Every dental clinician knows patients who cannot seem to get inflammation or bleeding on probing under control despite every effort. Bleeding gums may be a risk indicator for early death and the longer the bleeding continues, so does the risk for a life-threatening event. Bacteremia is the culprit and by making these three changes in your DSO, you have the potential to save more than just a smile.
Dentists and Dental Hygienists are traditionally known as the ‘gatekeeper’ of oral health. However, today, we recognize that they are also gatekeepers to prevent life-threatening events that are caused by bacteremia that come from gum and teeth infections. Bacteremia from the mouth can cause life and death situations. Here are a few stories that may remind you of a patient you know.
1. While in his dental training, Dr. Nabors recalls a nursing student who died within 4 days of an extraction. Her cause of death was due to pathogenic bacteria from her mouth that got into her blood steam and infected her cavernous sinus.
2. A 32-year-old young mother suffered the need for open heart surgery twice and still almost died. Her heart valves were infected due to bacteria from her long-term periodontal infections that created a long-term bacteremia.
Dr. Tim Pranger, of Alton, IL (retired), remembers two different patient stories, one was a friend who wanted a new smile before his wedding. Restorations were prepped and excitement for delivery day was high. Unfortunately, the patient died of a heart attack before he was able to see his completed new smile. After this patient Dr. Pranger implemented perio therapy trays before SRPs for all high-risk patients. The next patient had uncontrolled diabetes and an HbA1c of 9.5. The patient wore perio therapy trays for three weeks for SRPs and his HbA1c dropped to 6.8.
Dr. DeWitt Wilkerson, Founder of the Integrative Dental Medicine (IDM) Scholar Society, remembers a delightful gentleman named Bob, in his mid 50’s, who was seen as a new patient in December of 2019. He had the “co-morbidities” of decayed and abscessed teeth, periodontal disease, diabetes, high blood pressure, cardiac arrhythmia, elevated cholesterol and poor sleep. He had been prescribed several medications by his physician. Following a thorough evaluation, Dr. Wilkerson’s treatment plan included root canal therapy, non-surgical periodontal therapy, teeth restorations, an oral sleep appliance, and counseling with a nutritionist/health coach. Bob agreed with all the recommendations and said he was ready to turn his health around. Tragically, on March 28, 2020, Bob succumbed to Covid-19.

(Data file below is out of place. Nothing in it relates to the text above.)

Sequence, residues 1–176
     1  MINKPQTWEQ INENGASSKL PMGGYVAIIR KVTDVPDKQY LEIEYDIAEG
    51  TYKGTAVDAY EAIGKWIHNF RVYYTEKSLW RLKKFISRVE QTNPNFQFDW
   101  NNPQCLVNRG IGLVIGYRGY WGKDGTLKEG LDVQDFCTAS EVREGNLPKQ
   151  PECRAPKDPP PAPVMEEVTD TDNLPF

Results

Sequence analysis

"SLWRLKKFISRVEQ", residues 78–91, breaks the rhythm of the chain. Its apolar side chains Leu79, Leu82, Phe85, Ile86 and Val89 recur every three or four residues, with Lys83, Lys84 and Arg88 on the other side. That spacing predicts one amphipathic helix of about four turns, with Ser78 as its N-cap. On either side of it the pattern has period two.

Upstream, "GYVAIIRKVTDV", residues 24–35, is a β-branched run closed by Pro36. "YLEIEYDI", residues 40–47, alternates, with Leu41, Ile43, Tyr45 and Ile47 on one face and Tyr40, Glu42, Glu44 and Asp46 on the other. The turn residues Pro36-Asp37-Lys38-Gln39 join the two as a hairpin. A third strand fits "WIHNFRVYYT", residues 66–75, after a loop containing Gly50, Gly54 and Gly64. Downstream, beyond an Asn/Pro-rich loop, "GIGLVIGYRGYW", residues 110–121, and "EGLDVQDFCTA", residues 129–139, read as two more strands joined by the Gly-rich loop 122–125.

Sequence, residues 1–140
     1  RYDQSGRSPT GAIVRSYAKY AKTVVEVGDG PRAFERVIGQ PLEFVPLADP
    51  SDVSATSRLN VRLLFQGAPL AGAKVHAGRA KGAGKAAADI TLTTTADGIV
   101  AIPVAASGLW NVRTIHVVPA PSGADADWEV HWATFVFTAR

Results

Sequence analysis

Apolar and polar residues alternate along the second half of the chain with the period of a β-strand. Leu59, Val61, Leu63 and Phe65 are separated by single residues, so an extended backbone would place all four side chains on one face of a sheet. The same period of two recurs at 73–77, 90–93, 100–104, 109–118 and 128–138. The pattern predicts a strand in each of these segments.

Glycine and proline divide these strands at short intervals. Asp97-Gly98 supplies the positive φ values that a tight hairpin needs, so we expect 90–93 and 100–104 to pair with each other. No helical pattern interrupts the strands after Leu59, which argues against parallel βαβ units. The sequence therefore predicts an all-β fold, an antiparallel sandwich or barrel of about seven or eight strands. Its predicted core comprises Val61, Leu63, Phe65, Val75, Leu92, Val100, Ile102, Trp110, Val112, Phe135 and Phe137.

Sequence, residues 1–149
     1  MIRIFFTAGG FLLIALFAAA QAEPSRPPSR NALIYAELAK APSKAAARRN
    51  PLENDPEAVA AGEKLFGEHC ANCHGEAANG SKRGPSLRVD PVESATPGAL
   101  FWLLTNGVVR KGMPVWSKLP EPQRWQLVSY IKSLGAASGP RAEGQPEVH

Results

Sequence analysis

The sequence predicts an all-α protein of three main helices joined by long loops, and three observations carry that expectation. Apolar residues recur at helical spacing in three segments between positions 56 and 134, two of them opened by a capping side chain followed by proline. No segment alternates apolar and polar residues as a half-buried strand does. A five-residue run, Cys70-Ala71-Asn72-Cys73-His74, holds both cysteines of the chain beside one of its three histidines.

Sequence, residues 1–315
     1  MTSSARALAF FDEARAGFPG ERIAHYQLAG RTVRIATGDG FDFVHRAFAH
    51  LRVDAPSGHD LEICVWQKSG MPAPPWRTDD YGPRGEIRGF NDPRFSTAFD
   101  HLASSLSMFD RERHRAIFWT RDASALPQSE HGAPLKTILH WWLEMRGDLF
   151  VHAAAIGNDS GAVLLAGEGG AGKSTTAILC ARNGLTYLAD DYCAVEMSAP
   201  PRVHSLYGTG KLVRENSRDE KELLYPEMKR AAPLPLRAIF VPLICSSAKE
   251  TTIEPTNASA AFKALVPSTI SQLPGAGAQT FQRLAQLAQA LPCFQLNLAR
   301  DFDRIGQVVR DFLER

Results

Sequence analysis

Step One: Test for pathogenic bacteria
Research has revealed that there are “High-Risk” bacteria in the mouth called oral pathogens. These cause periodontitis, bleeding, bacteremia, and infections of other organs. When bleeding occurs, bacteria enters the circulatory system. These “High-Risk” pathogens include (abbreviated) Aa, Pg, Tf, Td, and Fn. Testing early allows for early intervention to kill these pathogens before they can harm (1)(2)(3).
Another important recent finding is that tissues that look healthy may not be. Even very shallow pockets of ≤3mm with inflammation should be tested. Medical Research Methodology states, “Clinical exposure definitions of periodontal disease should incorporate relatively shallow pockets to best reflect whole mouth exposure to bacteria burden.” The most significant definition of a dangerous bacterial burden is defined as four periodontal microbes: Aa, Pg, Td, Tf (4).
These same causative agents of periodontal alveolar bone loss are recognized as independent and direct risk for increased hypertension, systemic inflammation, increased risk for heart attack and stroke, and many other systemic diseases (5)(6)(7)(8)(9)(10)(11)(12).
Direct Diagnostics has a simple, affordable and potentially life-saving saliva test.
This test is called HR5 meaning High-Risk 5. These High-Risk pathogens should be managed to a health-oriented level. It is also important to know that these bacteria are resistant to traditional models of therapy including brushing and flossing home routines. Since they are invasive, they live in the tissues and can evade mechanical therapy as well as the host immune system.